Creek. (Dkt. 36-14, at 2).
In 10-K reports filed with the Securities and Exchange Commission, MAAC and MAALP
averred that Mid-America “owned” Canyon Creek, Double Creek, and other Mid-America
apartment properties in Texas. (Dkt. 36-10, at 2–4).
Defendants ask the Court to disregard these facts because “public records of which the
Court properly may take judicial notice . . . contradict these allegations.” (Mot. Dismiss, Dkt. 48,
¶¶ 38). These documents include “Jurisdictions Web Map” search results obtained from the City of
Austin’s website, property search results obtained from the Travis Central Appraisal District’s
(“TCAD”) website, and a Special Warranty Deed (the “Canyon Creek Deed”) filed in the real
property records of the Travis County Clerk. (Mot. Dismiss, Dkt. 48, ¶¶ 12, 18).
The Court may judicially notice a fact that is not subject to reasonable dispute because it: (1)
is generally known within the trial court’s territorial jurisdiction; or (2) can be accurately and readily
determined from sources whose accuracy cannot reasonably be questioned. Fed. R. Evid. 201(b).
When a party requests that the Court take judicial notice of a fact and supplies it with the necessary
See, e.g., Second Am. Compl., Dkt. 36, ¶ 38 (“[MAAC and MAALP] are the surviving ownership entities, general
partners, and operating/management entities under the merger with regard to all of the Colonial legacy properties. As a
result, they are landlords, owners, or purported owners of all Colonial legacy apartment properties in Texas during the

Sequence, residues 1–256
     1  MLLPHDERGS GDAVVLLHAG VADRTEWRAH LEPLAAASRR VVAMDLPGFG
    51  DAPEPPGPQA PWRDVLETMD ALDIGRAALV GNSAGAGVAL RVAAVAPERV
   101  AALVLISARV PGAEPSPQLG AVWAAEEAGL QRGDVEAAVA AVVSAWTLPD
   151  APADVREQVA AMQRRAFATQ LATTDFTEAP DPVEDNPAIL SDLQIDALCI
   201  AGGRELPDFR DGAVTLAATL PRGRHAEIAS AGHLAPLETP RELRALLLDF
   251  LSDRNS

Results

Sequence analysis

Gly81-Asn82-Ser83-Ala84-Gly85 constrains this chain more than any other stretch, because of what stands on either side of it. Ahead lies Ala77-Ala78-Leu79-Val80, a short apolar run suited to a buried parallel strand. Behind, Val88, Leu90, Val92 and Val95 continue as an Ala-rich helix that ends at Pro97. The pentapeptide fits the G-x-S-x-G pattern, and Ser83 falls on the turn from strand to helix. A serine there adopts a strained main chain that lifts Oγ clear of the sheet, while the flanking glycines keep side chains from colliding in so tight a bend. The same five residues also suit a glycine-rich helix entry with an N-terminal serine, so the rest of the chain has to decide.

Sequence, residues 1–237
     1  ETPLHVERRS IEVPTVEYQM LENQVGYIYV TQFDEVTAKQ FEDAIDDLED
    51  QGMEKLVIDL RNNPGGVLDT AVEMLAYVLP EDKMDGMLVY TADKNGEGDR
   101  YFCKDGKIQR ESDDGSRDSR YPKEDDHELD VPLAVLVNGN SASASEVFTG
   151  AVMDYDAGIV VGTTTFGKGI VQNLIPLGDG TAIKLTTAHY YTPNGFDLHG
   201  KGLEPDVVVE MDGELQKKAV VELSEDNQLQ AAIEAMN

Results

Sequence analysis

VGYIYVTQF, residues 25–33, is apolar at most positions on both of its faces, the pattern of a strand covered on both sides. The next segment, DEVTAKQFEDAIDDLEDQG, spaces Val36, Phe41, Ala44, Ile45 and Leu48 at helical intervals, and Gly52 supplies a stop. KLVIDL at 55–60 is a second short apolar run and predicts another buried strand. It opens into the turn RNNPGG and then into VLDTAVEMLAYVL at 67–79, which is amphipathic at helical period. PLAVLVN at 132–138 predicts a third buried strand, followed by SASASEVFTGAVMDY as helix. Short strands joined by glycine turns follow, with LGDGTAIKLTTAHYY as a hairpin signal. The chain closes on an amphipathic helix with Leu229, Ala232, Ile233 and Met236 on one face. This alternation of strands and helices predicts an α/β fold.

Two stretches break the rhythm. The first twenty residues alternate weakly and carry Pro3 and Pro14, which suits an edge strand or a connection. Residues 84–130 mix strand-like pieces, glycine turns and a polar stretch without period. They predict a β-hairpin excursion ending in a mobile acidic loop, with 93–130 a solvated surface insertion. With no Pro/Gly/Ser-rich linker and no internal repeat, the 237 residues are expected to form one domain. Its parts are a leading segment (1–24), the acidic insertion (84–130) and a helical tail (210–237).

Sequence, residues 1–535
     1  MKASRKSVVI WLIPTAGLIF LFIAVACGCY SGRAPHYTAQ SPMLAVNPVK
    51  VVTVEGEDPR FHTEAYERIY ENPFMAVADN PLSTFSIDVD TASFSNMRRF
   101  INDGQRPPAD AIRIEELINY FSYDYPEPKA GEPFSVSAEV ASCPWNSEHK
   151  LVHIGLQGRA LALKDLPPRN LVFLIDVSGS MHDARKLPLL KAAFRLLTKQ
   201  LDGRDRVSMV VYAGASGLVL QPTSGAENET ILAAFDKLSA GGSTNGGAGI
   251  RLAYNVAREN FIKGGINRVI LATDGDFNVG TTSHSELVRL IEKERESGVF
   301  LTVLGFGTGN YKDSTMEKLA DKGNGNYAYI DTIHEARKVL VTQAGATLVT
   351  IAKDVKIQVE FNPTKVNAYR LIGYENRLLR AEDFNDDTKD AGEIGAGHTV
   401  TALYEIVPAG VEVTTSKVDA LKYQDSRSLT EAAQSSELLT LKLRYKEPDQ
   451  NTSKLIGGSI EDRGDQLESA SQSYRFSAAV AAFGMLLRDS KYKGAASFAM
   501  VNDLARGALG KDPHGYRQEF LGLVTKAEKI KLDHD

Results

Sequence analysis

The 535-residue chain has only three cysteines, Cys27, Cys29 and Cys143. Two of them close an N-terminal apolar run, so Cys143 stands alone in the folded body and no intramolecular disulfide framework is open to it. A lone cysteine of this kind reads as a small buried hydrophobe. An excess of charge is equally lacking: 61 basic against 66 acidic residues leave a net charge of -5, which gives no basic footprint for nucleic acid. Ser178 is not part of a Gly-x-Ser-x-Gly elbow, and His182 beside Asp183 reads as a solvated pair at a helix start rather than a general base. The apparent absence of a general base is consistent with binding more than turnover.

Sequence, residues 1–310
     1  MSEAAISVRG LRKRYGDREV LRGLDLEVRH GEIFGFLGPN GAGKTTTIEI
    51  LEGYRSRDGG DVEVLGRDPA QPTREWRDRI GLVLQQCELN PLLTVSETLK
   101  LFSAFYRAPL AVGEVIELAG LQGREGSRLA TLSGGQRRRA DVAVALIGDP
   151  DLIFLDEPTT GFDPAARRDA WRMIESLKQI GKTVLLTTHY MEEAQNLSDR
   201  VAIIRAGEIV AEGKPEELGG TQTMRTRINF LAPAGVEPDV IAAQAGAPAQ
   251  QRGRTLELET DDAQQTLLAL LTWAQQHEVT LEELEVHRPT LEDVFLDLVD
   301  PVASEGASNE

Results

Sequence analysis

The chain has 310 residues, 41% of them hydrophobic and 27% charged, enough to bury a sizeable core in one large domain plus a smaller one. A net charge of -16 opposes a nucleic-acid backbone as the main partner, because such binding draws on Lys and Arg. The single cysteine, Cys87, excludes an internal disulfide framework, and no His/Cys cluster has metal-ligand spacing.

class period. Also, [MAAC and MAALP] are the landlords, owners, and purported owners of all MAA legacy apartment
properties in Texas during the class period. MAALP has filed numerous assumed name certificates in several Texas
counties and with the Secretary of State representing that it owns both Colonial legacy apartment properties and MAA
legacy apartment properties in Texas.”); id. ¶ 39 (“[MAAC, MAALP, and CMS/LP] possess all the rights, duties,
obligations, and liabilities of a landlord with respect to Plaintiffs and the Class.”).
3 Colonial Realty Limited Partnership was merged into and became MAALP. (Dkt. 36-5, at 4–5).
information, the Federal Rules of Evidence provide that the Court must judicially notice the fact in
question. Fed. R. Evid. 201(c). The Fifth Circuit has held that, when deciding motions to dismiss,
courts may take judicial notice of matters of public record. Funk v. Stryker Corp., 631 F.3d 777, 783
(5th Cir. 2011); see also Norris v. Hearst Trust, 500 F.3d 454, 461 n.9 (5th Cir. 2007) (“[I]t is clearly
proper in deciding a 12(b)(6) motion to take judicial notice of matters of public record.”). That
Court has also made clear that courts may take judicial notice of information contained on
governmental websites. See Hawk Aircargo, Inc. v. Chao, 418 F.3d 453, 457 (5th Cir. 2005) (taking
judicial notice of an approval by the National Mediation Board published on the agency’s website);
Coleman v. Dretke, 409 F.3d 665, 667 (5th Cir. 2005) (per curiam) (taking judicial notice of a Texas
agency’s website). This Court therefore takes judicial notice of the Jurisdictions Web Map search
results obtained from the City of Austin’s website, the property search results obtained from the
TCAD’s website, and the Canyon Creek deed.
Defendants use those documents, and others, to argue that CMS/LP is the only “owner” of